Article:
In order to succeed in their attempts to have Mr Mallya extradited, the Indian authorities must satisfy a test that is slightly different to the test previously used in criminal committal proceedings in this country. It is however the same as that in R v Galbraith; ‘whether the prosecution evidence, taken at its highest, is such that no jury properly directed could convict upon it’.
The District Judge may take into account written statements made to a police officer or an investigator that would be admissible as oral evidence. However, in contrast to the way committal proceedings used to be conducted, the requested person is entitled to call evidence to demonstrate that there is insufficient evidence to find a case to answer.
Extradition between the UK and India
If the Court finds that there is a prima facie case, the District Judge must then go on to consider whether there any other bars to extradition. Extradition between the UK and India is governed by a 1993 treaty, which is very similar to the Extradition Act 2003, and the provisions of the Human Rights Act also applies. Media reports at the moment suggest that much of the argument is centred on the prima facie case issue, so this case may yet have some way to go.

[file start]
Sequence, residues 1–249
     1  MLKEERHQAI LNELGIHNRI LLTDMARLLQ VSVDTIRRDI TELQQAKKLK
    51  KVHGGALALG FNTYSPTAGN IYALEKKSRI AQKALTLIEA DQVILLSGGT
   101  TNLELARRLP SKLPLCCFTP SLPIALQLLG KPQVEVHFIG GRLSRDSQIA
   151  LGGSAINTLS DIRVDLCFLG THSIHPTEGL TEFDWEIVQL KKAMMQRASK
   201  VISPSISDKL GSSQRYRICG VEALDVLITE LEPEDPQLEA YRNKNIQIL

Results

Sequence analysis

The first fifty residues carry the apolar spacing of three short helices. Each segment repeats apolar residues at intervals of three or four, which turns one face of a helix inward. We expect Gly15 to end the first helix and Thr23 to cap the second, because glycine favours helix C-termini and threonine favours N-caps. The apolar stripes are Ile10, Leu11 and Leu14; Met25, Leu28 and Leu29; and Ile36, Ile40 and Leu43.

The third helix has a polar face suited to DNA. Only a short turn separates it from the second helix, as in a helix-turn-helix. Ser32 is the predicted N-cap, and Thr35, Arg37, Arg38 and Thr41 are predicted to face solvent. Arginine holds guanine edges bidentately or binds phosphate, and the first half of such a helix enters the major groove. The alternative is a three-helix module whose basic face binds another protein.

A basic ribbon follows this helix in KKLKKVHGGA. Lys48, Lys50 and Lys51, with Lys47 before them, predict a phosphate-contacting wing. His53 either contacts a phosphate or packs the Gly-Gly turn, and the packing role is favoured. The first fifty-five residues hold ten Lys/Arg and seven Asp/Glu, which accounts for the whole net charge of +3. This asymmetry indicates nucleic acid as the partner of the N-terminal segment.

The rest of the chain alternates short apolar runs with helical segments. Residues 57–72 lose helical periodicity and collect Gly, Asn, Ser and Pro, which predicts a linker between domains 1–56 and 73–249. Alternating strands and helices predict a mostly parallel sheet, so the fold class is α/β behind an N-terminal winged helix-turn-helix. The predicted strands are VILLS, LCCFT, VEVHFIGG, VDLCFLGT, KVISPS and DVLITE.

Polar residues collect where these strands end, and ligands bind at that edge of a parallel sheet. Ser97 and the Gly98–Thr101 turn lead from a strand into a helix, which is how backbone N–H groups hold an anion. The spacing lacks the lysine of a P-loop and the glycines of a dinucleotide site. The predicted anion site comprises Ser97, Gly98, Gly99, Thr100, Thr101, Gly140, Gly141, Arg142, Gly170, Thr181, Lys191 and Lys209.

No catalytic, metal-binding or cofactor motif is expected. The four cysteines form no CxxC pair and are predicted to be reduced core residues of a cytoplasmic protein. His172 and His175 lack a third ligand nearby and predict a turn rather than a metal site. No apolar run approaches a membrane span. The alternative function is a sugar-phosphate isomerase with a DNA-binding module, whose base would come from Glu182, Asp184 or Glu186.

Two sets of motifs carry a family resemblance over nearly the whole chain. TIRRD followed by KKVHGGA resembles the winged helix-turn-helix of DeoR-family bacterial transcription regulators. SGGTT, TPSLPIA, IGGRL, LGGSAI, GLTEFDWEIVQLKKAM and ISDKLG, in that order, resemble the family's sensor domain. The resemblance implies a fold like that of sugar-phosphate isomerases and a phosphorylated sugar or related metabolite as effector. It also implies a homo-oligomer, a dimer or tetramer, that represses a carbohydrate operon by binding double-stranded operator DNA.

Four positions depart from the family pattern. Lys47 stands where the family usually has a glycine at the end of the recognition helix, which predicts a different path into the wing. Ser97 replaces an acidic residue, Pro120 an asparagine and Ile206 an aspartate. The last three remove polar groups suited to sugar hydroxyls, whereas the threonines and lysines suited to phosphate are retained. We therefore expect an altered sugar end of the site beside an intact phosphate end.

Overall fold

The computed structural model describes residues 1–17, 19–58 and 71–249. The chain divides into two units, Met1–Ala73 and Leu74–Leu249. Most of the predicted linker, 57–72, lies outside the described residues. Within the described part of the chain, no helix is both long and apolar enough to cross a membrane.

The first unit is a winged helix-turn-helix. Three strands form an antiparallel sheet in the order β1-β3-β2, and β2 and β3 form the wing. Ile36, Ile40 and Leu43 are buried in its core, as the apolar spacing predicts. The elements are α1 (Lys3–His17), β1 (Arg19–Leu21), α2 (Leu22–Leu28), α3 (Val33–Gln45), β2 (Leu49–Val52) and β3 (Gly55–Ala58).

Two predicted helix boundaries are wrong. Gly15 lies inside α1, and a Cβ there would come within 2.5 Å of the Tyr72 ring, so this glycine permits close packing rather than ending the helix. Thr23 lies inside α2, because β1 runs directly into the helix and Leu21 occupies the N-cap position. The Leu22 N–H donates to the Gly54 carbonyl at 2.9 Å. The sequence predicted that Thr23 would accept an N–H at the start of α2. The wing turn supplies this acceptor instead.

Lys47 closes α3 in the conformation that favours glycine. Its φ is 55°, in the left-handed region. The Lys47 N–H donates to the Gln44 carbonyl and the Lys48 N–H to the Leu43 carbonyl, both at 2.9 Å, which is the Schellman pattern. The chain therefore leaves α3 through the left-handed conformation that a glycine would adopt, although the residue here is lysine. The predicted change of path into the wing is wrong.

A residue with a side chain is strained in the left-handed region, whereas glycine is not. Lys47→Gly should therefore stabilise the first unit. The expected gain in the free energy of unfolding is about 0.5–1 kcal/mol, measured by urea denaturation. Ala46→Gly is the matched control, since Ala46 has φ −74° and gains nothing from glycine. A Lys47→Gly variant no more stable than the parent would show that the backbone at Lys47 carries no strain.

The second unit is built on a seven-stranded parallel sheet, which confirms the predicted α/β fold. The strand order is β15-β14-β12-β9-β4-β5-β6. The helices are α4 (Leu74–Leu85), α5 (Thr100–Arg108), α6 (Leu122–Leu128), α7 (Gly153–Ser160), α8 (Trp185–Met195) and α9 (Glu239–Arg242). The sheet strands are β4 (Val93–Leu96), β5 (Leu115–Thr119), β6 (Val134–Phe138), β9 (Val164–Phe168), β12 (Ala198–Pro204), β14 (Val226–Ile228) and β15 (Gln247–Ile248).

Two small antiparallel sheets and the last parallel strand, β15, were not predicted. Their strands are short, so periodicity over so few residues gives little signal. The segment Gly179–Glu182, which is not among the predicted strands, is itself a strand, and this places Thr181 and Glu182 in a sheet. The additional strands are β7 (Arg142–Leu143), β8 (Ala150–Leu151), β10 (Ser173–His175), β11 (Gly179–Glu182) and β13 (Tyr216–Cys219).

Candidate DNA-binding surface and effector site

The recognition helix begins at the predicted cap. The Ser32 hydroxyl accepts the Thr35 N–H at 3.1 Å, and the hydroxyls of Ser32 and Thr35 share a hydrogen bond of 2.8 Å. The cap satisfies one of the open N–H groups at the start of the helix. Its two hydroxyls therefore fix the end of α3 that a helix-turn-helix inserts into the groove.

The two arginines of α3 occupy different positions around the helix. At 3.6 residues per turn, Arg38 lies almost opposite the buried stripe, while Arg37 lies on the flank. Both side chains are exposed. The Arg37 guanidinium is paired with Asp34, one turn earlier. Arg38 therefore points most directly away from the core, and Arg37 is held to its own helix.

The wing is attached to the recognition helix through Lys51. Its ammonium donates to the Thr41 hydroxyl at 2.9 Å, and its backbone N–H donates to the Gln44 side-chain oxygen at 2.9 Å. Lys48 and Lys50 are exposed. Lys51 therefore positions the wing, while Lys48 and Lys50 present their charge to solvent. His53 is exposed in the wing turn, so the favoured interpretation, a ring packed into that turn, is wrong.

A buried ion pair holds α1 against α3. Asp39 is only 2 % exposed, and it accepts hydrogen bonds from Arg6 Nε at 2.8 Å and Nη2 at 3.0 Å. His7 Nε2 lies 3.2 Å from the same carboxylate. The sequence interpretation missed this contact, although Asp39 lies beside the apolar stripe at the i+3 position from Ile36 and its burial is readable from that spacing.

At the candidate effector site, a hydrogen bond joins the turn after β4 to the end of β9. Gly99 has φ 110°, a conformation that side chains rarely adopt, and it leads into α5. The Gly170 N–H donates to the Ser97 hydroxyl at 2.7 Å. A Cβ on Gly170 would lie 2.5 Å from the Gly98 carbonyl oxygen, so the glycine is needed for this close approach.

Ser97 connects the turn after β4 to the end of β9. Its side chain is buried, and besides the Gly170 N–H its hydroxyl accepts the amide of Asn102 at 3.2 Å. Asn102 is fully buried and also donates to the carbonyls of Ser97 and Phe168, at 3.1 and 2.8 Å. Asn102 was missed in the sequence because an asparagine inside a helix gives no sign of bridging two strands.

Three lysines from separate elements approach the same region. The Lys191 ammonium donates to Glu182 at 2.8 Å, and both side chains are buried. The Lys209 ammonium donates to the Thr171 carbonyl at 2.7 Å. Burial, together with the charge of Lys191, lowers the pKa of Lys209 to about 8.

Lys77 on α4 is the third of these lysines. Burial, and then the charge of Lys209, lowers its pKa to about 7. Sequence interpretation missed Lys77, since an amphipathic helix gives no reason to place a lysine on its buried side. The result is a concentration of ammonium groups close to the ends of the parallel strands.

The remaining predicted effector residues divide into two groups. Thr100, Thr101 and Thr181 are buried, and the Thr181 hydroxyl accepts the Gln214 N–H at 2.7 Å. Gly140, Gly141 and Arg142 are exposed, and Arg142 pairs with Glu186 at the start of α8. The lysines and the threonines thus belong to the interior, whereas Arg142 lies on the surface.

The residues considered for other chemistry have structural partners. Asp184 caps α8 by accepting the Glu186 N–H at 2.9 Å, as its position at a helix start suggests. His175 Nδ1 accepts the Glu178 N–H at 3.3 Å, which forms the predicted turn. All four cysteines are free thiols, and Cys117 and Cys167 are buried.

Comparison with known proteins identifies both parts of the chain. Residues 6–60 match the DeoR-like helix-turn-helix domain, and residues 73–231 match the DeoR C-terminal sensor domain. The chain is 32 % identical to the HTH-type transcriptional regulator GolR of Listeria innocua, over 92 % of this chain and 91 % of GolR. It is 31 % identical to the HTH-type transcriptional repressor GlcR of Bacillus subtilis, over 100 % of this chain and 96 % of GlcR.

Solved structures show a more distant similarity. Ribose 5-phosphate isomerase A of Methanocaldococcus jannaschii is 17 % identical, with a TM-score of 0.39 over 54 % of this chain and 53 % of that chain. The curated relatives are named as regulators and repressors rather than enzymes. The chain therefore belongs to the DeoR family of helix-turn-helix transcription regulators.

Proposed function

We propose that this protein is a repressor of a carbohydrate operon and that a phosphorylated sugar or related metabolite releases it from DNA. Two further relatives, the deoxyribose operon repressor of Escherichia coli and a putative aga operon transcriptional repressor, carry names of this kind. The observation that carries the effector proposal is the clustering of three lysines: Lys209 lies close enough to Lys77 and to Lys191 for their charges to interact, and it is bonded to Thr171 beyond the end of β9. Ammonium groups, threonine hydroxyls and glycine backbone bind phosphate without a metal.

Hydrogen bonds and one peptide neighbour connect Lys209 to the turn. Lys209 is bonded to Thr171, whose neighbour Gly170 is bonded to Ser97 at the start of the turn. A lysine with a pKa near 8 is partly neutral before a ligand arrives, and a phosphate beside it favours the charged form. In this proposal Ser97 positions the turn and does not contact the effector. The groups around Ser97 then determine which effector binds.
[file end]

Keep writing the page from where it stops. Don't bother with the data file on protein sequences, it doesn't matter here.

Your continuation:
John Howey, Senior SolicitorRead More
Extradition is the formal process where one country asks another to return a person to stand trial or to serve a sentence. Under multilateral conventions and bilateral treaties, the UK has extradition relations with over 100 territories around the world.
What Is the Process?
The process is slightly different depending on whether the request comes from a European country that is part of the European Arrest Warrant scheme (EAW) or not. In either case, the requesting State contacts the UK authorities and makes an extradition request. This may result in a warrant being issued against you, you being arrested and brought to court.
It might be the case that you worry that an extradition request will be made in the future, or you know that an extradition request has been made. If that is the case you should contact us without delay so that we can advise on the options available.
If you are arrested, your case will be heard before a District Judge sitting at Westminster Magistrates’ Court in London.
When you first appear in court, there are some formalities that have to be dealt with. The District Judge has to make sure that you are the person named in the warrant, that you have a copy of the warrant and that you have been brought to court in good time. After that, you will be asked if you consent to your extradition. If you do, you should be extradited within 10 days if it is an EAW. When you are wanted outside Europe the process can take a little longer.